EGU General Assembly 2022
© Author(s) 2022. This work is distributed under
the Creative Commons Attribution 4.0 License.

Marina planning in regions of dynamic coasts - ecologically safe and economically efficient approaches for the future

Hannes Tõnisson1, Rain Männikus2, Sten Suuroja3, and Are Kont1
Hannes Tõnisson et al.
  • 1Tallinn University, Institute of Ecology, Coastal Research Group, Tallinn, Estonia (
  • 2Tallinn University of Technology
  • 3Geological Survey of Estonia

Leisure boating is increasing all over the world, including in the Baltic Sea region. The highest increase is expected on its eastern coast – in countries of the former Soviet Union. Until the beginning of the 1990s, it was not possible to own a leisure boat in the USSR. After gaining independence, access to the sea was no longer restricted but it has taken a long time to get used to the idea that the sea is open for everyone. The economy of the Baltic countries has improved significantly over the last 30 years and the number of people affording leisure boats is rapidly growing. As a result, we need more marinas for safe and tourist-friendly boating. However, most of the old ports and their infrastructures were destroyed by the Soviet regime. Therefore, we needed to start from almost zero.

Developing small marinas is expensive. Many things can go wrong, especially when natural conditions are not thoroughly analyzed.  That is why scientific research during the planning process is an important investment.  An example is taken from a very small marina that had major problems with siltation. This marina is located on the northern coast of Estonia, in the region where dynamic sandy beaches quickly alternate with stable till shores.

The aim of the work was to find solutions to stop the siltation of the marina, to enlarge the volume of the marina without affecting the nearby sandy shores and to create the preconditions for Natura 2000 habitats while preserving the initial environment as much as possible. We developed a research methodology including: a) analysis of old maps showing historical coastal changes and processes; b) geophysical research accompanied with sediment coring and taking sediment samples for laboratory analysis; c) modeling the effects of shore processes to the marina and vice versa.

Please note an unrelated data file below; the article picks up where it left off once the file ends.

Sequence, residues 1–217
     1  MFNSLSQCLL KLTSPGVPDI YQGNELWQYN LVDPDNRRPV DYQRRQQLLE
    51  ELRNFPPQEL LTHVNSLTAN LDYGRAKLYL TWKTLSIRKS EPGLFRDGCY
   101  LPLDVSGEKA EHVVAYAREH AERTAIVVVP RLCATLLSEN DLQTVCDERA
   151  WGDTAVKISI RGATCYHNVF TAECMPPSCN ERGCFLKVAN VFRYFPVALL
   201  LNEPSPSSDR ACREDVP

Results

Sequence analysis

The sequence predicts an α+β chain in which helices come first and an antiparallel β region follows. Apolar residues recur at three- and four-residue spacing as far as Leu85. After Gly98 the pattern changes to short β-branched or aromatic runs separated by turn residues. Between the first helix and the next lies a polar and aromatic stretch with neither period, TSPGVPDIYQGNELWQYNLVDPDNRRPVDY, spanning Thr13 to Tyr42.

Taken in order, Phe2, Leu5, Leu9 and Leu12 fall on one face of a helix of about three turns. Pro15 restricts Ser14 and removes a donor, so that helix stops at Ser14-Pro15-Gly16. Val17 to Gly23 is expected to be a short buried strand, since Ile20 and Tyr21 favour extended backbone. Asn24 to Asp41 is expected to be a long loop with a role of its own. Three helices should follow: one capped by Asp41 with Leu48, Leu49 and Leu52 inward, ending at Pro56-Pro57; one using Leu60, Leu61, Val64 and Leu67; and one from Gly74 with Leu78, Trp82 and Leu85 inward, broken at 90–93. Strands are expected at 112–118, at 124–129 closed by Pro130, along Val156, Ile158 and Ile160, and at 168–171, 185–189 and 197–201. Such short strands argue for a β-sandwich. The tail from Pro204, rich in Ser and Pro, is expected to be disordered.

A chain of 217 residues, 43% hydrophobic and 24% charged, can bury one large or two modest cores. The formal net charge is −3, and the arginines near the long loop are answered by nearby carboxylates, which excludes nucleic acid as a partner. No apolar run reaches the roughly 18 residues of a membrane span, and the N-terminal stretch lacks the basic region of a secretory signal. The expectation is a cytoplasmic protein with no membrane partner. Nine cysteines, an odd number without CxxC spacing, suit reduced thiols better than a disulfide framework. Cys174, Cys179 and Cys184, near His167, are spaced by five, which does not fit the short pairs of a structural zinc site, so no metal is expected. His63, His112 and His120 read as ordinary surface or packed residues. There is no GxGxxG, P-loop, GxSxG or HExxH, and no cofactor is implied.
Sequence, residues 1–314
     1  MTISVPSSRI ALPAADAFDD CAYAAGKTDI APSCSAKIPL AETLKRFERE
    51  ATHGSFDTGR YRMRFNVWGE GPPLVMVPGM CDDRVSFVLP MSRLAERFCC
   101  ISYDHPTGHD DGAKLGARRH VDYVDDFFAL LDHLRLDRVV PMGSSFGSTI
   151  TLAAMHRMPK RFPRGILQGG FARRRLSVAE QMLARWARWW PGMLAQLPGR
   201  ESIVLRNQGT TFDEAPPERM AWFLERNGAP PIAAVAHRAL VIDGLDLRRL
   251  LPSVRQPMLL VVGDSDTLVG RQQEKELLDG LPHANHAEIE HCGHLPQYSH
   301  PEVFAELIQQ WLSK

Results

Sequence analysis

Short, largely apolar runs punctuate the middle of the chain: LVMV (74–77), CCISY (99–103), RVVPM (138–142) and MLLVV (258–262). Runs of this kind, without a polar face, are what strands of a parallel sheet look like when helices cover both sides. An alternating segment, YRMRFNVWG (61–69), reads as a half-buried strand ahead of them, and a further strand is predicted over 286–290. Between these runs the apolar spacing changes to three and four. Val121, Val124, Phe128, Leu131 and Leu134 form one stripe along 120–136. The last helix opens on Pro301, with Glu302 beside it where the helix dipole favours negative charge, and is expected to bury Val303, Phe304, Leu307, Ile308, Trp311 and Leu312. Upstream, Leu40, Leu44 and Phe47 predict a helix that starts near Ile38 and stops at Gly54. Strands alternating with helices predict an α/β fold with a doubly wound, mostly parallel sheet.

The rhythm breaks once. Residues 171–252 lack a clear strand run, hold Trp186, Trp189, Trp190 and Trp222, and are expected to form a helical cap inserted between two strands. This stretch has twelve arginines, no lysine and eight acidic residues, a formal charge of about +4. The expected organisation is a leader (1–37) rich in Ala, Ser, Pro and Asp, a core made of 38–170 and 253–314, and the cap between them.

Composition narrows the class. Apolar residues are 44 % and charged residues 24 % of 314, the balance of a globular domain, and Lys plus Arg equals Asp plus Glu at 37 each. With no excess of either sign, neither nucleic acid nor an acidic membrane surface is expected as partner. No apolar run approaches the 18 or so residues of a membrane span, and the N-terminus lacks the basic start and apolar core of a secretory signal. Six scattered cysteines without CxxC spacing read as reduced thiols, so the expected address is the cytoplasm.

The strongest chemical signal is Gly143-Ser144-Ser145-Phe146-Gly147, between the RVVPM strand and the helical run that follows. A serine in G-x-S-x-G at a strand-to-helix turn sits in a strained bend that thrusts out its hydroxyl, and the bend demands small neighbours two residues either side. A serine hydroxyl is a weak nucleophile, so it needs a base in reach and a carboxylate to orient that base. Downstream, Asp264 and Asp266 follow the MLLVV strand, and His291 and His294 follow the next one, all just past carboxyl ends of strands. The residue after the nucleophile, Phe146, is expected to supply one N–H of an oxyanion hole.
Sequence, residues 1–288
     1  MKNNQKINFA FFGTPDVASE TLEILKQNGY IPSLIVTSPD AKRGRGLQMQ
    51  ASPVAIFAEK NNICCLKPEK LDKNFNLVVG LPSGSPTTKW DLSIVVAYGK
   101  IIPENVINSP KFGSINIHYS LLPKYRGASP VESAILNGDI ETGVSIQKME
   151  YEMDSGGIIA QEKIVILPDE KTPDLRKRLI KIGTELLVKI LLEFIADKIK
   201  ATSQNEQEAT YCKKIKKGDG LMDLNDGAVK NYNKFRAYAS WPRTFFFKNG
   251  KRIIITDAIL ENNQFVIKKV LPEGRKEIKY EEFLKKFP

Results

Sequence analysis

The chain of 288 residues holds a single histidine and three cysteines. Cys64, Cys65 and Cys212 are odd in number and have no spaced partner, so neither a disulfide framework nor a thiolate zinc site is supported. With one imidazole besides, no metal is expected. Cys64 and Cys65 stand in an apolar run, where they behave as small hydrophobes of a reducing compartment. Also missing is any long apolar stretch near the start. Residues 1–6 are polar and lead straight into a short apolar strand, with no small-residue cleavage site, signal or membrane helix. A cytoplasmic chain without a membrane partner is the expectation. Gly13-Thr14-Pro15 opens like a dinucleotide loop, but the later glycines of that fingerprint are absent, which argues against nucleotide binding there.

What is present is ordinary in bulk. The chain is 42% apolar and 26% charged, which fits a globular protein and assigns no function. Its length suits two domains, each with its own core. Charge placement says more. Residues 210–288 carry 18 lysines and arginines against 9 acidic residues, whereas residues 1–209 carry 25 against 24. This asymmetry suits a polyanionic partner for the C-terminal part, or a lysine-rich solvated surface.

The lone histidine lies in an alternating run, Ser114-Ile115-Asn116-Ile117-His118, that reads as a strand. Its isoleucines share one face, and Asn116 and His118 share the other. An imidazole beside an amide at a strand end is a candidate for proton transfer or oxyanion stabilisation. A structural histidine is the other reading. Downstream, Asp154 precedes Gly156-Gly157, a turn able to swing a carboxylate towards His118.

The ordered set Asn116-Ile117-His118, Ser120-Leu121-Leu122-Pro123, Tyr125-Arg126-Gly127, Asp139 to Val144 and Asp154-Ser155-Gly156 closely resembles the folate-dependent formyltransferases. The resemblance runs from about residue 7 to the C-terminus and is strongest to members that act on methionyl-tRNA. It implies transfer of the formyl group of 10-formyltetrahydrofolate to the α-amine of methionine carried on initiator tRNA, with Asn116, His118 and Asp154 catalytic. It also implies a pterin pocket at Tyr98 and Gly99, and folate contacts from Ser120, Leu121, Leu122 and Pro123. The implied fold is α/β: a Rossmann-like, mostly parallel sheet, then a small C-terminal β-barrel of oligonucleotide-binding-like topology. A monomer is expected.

After several modeling exercises with different configurations of the marina, we reached satisfying solutions. Due to very fine-grained sand, it is impossible to completely avoid sediment influx into the marina. However, the final configurations need slight dredging only once in 6-8 years. We also found a solution how jetties can contribute to the healthy state of the nearby public sandy beach. The marina is located on the western side of a small peninsula with till shores. Just west from the marina is a natural sandy beach where sands are moving back and forth along the coast depending on storms. We designed the western jetties to look and function like the initial peninsula and the new marina is like an extension of the peninsula. The extracted sand from the aquatic area should be placed on the sandy beach. The added sand combined with reduced sediment movement would leave the natural beach in a more or less stable state even in the case of global sea level rise. The outer boundaries of the marina jetties look like a natural till shore. It absorbs waves’ energy, inhibits sand transportation to the open sea and creates preconditions similar to natural till shore habitats.

How to cite: Tõnisson, H., Männikus, R., Suuroja, S., and Kont, A.: Marina planning in regions of dynamic coasts - ecologically safe and economically efficient approaches for the future, EGU General Assembly 2022, Vienna, Austria, 23–27 May 2022, EGU22-10640,, 2022.


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